Lee Teng-hui

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Lee Teng-hui (2004)

Lee Teng-hui ( Chinese  李登輝 , Pinyin Lǐ Dēnghuī ; born January 15, 1923 in Sanzhi , Taihoku Prefecture, Taiwan , Japanese Empire (today: New Taipei , Taiwan ); † July 30, 2020 in Taipei , Taiwan) was a Taiwanese Politician . From 1988 to 2000, he was President of the Republic of China in Taiwan and Chairman of the Kuomintang . Lee was the first Taiwanese-born politician to hold these positions.


Lee was born into a Hoklo family during the Japanese rule of Taiwan in what is now the Sanzhi District of Taipei (then a village outside Taihoku City ) . The young Lee achieved very good school results and received his secondary education in Japanese and partly directly in Japan. The Japanese administration promoted the Japaneseization of Chinese names in Taiwan, and on February 11, 1940, Lee was given the Japaneseized name Iwasato Masao (岩 里 政 男).

After studying in the USA, Japan and Taiwan, Lee received his doctorate in the USA in 1968 in the field of agricultural sciences . He then returned to Taiwan and joined the Kuomintang in 1971. Between 1972 and 1978 he was a member of the government as a minister without portfolio ; from 1978 to 1981 he was mayor of the capital Taipei . Lee then became provincial governor of Taiwan before being elected Vice President of the Republic of China by the National Assembly in 1984 .

Official portrait as President (1988)

After the death of President Chiang Ching-kuo in 1988, he succeeded him. When he attended his old university in the USA in 1995, a conflict arose with the People's Republic of China . As president, Lee continued the democratization begun by his predecessor. After an electoral reform, he became the first directly and democratically elected President of the Republic of China in Taiwan in the presidential election on March 23, 1996 with 54 percent of the vote.

In 1999, Lee's interview with Deutsche Welle caused a sensation when Lee was the first president to describe the relationship with the People's Republic of China as the relationship between two states and thus to shape the two-state theory in the area of ​​Sino-Taiwanese relations.

In the 2000 presidential election , he did not run again. Unrest within the Kuomintang, for which Lee was blamed, led to his resignation as party chairman in March 2000 and finally to Lee's expulsion from the party in December 2000. Since 2001 he has been a member of the Taiwan Solidarity Union , which he and his supporters founded , which, contrary to the line of the Kuomintang, campaigns for a formal declaration of independence for Taiwan. Prior to the 2008 presidential election in Taiwan, he declared his support for Democratic Progressive Party candidate Hsieh Chang-ting . Even before the 2012 presidential election , he openly declared his support for the pan-green coalition candidate Tsai Ing-wen .

In 2011, prosecutors brought charges against him for misappropriating public funds during his reign. After years of investigation, the Taiwan Supreme Court acquitted him in August 2014.

Possibly because of his school education in Japan, Lee took unusually friendly positions towards the former colonial power Japan, which the Taiwanese public did not always like, and even less so from official bodies of the People's Republic of China. He publicly stated that the Senkaku Islands claimed by Taiwan and the People's Republic of China were part of Japan. During a visit to Japan in 2007, he visited the controversial Yasukuni Shrine , which outside of Japan is often seen as a symbolic site of Japanese militarism and nationalism, and justified this by saying that he was on the Japanese side of his older brother, who was in the Battle of Manila in 1945 had fallen, had to show his respect. On another trip to Japan, he praised the achievements of Japanese colonial rule over Taiwan. He repeatedly dismissed reports of Japanese war crimes in China - for example the Nanking massacre - as "communist propaganda".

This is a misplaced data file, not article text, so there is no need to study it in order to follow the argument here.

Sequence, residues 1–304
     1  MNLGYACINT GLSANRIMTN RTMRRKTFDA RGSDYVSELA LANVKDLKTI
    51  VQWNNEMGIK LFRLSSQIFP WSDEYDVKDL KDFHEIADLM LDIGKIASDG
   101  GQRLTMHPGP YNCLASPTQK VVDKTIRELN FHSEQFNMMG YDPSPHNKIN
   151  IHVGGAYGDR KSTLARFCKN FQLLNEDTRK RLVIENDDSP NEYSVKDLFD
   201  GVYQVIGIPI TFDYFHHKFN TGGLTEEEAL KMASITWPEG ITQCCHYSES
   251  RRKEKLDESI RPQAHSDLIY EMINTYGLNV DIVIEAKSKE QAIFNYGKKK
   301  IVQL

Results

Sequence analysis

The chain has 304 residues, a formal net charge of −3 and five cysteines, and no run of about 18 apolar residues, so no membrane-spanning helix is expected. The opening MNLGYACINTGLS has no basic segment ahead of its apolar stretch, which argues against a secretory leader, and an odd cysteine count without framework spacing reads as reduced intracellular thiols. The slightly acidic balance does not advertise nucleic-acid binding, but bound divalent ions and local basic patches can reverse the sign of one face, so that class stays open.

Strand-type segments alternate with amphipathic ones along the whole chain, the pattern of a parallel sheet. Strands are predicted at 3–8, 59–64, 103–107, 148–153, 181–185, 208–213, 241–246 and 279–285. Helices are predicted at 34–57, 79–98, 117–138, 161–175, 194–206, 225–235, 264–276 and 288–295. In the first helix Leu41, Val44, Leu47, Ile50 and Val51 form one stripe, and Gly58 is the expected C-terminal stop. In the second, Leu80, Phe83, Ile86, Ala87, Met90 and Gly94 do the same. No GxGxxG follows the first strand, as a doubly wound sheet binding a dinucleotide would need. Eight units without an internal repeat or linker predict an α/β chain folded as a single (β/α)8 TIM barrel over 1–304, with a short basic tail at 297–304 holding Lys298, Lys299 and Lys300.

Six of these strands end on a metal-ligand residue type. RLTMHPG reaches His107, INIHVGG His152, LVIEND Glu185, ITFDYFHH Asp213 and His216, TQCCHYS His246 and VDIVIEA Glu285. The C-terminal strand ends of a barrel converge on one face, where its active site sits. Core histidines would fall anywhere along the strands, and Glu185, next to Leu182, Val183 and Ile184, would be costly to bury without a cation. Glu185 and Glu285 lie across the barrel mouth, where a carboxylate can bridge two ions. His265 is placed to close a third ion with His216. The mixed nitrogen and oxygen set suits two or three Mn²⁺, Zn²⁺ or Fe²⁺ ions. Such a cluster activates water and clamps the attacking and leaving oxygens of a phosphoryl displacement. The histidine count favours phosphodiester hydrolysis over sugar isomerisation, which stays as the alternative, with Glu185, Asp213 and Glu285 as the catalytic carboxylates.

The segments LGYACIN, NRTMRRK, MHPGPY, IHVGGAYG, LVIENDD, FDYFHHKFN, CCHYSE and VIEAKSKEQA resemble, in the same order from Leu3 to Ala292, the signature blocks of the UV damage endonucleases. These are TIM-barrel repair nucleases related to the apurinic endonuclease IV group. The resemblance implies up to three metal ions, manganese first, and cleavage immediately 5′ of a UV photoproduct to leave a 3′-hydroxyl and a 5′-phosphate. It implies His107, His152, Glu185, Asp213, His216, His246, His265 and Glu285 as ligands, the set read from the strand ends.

In 1961, at the age of 38, Lee was baptized and joined the Taiwan Protestant Church.


  • Su-Hui Chiang: Political elites and their images: Representations of politics using the example of the five presidents in Taiwan from 1950 to 2002. Dissertation, University of Freiburg, 2004 (PDF) .

Web links

Commons : Lee Teng-hui  - album with pictures, videos and audio files

Individual evidence

  1. CNA Taiwan: Lee Teng-hui dies; pivotal figure in Taiwan's transition to democracy. In: Focus Taiwan - CNA English News (Taiwan), July 30, 2020 (English). Accessed July 31, 2020.
  2. Han Cheung: From Lee to Iwasato back to Lee. Taipei Times, February 7, 2016, accessed April 2, 2020 .
  3. ^ Deutsche Welle: One China, Two States
  4. Radio Taiwan International, March 20, 2008 ( Memento from July 8, 2012 in the web archive archive.today )
  5. Radio Taiwan International, January 11, 2012 ( Memento from July 8, 2012 in the web archive archive.today )
  6. ^ New York Times with report from AP agency , accessed June 30, 2011
  7. Channel News Asia, August 21, 2014
  8. ^ Former Taiwan President Lee Teng-hui says the Diaoyu Islands Belong to Japan. The New Lens, July 24, 2015, accessed July 31, 2020 .
  9. Chisa Fujioka: Taiwan's Lee visits Tokyo's Yasukuni war shrine. Reuters, July 7, 2007, accessed July 31, 2020 .
  10. CNA Taiwan: Lee Teng-hui dies; pivotal figure in Taiwan's transition to democracy. In: Focus Taiwan - CNA English News (Taiwan), July 30, 2020 (English). Accessed July 31, 2020.
  11. ^ Shannon Tiezzi: Taiwan's Former President Causes Controversy in Japan. The Diplomat, July 30, 2015, accessed July 31, 2020 .
  12. Lee Teng-hui: Taiwan's 'father of democracy' dies. BBC News, July 31, 2020, accessed July 31, 2020 .
  13. The Soul of a Statesman. Taiwan Today, April 1, 2008, accessed April 2, 2020 .